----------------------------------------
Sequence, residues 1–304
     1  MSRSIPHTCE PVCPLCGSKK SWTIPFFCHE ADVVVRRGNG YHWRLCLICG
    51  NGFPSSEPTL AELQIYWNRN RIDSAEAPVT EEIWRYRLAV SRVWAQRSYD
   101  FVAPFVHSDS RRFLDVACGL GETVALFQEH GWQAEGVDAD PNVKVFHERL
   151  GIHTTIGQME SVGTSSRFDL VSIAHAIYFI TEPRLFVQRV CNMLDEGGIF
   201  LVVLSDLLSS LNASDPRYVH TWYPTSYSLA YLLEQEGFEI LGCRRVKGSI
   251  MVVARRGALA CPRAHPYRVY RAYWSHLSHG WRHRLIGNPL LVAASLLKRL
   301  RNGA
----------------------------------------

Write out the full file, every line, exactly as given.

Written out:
Sequence, residues 1–304
     1  MSRSIPHTCE PVCPLCGSKK SWTIPFFCHE ADVVVRRGNG YHWRLCLICG
    51  NGFPSSEPTL AELQIYWNRN RIDSAEAPVT EEIWRYRLAV SRVWAQRSYD
   101  FVAPFVHSDS RRFLDVACGL GETVALFQEH GWQAEGVDAD PNVKVFHERL
   151  GIHTTIGQME SVGTSSRFDL VSIAHAIYFI TEPRLFVQRV CNMLDEGGIF
   201  LVVLSDLLSS LNASDPRYVH TWYPTSYSLA YLLEQEGFEI LGCRRVKGSI
   251  MVVARRGALA CPRAHPYRVY RAYWSHLSHG WRHRLIGNPL LVAASLLKRL
   301  RNGA